What does “European Emigrant Heritage” mean?
Let's take each word separately:
Euro•pe•an Adjective A person who was born in, or whose family originates from, Europe. [As opposed to a person whose family originates from Asia or Africa, for example.]
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The continent of Europe presently contains the following countries: Albania, Andorra, Armenia, Austria, Azerbai- jan, Belarus, Belgium, Bosnia & Herzegovina, Bulgaria, Croatia, Cyprus, Czech Republic, Denmark, Estonia, Finland, France, Georgia, Germany, Greece, Hungary, Iceland, Ireland, Italy, Kosovo, Latvia, Liechtenstein, Lithuania, Luxembourg, Macedonia, Malta, Moldova, Monaco, Montenegro, the Nether lands, Norway, Poland, Portugal, Romania, Russia, San Marino, Serbia, Slovakia, Slovenia, Spain, Sweden, Switzerland, Turkey, Ukraine, and the United Kingdom.
Europe also has ethnicities, former nationalities, and cultures who do not presently have their own countries. These include the following:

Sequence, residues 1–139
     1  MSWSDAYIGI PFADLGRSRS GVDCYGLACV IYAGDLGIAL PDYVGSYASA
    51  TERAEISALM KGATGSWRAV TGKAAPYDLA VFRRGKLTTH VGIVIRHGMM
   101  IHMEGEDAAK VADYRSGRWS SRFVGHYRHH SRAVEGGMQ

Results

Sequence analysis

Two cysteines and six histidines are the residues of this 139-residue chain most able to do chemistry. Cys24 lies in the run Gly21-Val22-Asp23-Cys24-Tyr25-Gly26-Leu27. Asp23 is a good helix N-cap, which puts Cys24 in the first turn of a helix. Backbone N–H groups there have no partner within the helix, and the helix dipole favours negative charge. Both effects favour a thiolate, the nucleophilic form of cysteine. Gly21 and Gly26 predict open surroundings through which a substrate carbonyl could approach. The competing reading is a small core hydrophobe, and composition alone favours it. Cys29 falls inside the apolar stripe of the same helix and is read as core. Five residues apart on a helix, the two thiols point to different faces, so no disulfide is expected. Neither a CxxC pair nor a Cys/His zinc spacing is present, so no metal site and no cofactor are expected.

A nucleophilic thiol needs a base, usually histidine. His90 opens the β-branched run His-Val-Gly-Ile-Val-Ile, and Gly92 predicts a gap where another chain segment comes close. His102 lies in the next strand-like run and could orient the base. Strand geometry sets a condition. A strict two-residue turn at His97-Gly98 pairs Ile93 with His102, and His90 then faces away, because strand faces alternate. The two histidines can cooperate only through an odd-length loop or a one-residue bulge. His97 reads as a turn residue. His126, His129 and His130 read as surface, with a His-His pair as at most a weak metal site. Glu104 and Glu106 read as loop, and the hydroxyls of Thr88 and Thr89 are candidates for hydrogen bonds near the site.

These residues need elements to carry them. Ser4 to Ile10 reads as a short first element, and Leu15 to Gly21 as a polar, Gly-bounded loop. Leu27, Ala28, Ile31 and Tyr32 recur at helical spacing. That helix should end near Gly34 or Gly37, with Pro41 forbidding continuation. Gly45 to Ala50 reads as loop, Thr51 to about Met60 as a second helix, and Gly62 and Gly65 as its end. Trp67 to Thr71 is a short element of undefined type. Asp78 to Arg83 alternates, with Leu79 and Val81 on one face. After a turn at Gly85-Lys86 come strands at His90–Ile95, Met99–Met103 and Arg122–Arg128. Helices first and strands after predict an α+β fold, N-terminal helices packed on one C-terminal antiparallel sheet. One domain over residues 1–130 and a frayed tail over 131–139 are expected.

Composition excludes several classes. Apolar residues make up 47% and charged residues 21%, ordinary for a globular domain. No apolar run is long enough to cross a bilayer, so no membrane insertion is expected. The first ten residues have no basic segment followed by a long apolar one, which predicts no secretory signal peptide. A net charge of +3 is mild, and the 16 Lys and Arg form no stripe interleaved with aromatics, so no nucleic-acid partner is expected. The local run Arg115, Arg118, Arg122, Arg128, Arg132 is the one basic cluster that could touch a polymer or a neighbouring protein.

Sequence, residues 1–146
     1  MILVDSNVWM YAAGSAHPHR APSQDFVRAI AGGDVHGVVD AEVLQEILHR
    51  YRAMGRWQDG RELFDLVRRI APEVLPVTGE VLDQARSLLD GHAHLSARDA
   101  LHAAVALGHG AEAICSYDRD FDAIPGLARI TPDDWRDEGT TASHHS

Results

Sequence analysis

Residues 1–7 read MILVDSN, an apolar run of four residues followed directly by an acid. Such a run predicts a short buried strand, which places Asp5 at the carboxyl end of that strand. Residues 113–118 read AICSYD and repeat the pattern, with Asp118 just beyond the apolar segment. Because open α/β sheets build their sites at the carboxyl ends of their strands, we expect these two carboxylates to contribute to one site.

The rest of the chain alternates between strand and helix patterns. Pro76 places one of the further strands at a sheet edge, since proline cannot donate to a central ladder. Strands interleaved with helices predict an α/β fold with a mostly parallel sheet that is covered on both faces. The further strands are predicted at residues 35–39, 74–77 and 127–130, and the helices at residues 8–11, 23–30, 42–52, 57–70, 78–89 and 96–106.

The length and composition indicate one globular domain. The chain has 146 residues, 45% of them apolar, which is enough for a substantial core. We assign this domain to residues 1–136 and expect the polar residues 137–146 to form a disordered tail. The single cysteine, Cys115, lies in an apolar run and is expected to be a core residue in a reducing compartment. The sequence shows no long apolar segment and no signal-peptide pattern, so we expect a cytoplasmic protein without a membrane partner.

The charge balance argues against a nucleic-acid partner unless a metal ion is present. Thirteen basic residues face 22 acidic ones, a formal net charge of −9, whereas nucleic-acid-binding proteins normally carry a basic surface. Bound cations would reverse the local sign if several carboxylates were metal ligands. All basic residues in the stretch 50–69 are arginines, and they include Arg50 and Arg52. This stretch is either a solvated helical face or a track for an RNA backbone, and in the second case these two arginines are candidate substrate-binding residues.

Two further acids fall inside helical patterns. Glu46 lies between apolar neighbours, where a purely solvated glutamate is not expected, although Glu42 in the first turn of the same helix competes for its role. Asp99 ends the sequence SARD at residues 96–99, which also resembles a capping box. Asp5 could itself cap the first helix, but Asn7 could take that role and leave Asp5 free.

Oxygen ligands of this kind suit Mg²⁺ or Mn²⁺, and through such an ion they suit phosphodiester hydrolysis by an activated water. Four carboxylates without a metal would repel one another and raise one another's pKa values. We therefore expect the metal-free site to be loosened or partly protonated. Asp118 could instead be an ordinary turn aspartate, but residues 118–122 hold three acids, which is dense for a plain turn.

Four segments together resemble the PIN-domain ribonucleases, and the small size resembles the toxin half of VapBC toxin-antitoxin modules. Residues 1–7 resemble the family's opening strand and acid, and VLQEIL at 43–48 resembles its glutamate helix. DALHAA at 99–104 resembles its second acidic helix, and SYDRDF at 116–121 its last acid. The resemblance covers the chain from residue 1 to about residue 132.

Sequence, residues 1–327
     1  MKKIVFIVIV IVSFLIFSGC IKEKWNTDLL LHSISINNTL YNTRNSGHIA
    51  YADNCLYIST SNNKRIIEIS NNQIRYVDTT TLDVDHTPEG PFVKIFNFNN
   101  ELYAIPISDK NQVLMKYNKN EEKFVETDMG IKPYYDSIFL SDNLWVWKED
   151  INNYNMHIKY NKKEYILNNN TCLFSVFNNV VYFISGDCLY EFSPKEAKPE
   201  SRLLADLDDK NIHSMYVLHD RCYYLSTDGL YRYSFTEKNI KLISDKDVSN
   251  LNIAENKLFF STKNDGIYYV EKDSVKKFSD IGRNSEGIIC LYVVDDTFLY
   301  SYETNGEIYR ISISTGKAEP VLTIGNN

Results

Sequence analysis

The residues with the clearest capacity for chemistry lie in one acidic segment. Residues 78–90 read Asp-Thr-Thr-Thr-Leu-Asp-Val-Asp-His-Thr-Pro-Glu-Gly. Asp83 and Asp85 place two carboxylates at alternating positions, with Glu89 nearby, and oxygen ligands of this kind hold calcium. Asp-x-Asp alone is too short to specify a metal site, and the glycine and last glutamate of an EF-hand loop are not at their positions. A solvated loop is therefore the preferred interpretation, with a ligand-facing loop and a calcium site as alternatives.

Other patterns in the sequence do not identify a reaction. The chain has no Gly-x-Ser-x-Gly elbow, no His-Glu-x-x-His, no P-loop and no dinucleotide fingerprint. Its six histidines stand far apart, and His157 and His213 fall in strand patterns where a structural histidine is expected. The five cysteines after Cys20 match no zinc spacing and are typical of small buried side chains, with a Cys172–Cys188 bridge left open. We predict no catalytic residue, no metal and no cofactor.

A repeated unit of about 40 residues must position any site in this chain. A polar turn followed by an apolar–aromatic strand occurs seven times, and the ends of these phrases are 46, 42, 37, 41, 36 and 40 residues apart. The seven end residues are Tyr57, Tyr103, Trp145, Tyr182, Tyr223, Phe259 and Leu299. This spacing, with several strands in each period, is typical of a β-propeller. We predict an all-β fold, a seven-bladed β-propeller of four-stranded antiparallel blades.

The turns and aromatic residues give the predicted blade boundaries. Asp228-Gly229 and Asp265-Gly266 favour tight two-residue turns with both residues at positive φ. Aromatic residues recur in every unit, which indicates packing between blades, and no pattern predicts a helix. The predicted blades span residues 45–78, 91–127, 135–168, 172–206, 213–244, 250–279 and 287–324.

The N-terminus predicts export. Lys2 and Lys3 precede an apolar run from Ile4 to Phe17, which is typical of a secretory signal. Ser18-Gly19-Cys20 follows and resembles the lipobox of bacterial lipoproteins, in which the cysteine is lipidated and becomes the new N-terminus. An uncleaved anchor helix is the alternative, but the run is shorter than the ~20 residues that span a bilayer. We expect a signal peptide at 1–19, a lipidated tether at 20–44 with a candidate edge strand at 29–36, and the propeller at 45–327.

Basque, Bavarian, Bohemian, Catalan, Castillian, Celtic, Chechen, Dalmatian, Karilian, Kiev-Rus, Ladino, Moravian, Pilsner, Posner, Prussian, Ruthenian, Sardinian, Saxon, Scotch, Servian, Silesian, Slavonian, Tatar, Transylvanian, Tuscan, (and many others).
Em•i•grant Noun A person who leaves a country or region to live in another one : a person who emigrates ▪ Millions of emigrants departed from European ports between 1850 and 1920. — compare IMMIGRANT, a person who comes to a country to take up permanent residence.
Her•i•tage Noun 1.) Property or other assets that have accrued to a particular family line, and which by law [should] descend from predecessor to living heirs. 2.) The traditions, achievements, beliefs, crafts, etc., that are part of the history of a group or nation. ▪ a nation with a rich heritage of folklore ▪ His Polish heritage was very important to him.
Thus European Emigrant Heritage (EEH) is exemplified by the following:
a.) In 1943 a Polish woman died in a German labour camp. She owned property that now should go to her closest living relatives, many second cousins living in Europe and the USA.
b.) A German soldier died in the Siege of Stalingrad. 22 years later, in 1964, his mother died in Frankfurt, leaving valuable coin and stamp collections, that now should go to the grandchildren of the soldier, who are living in Scotland. [Photo: Statues in Stalingrad centre which miraculously survived the siege.]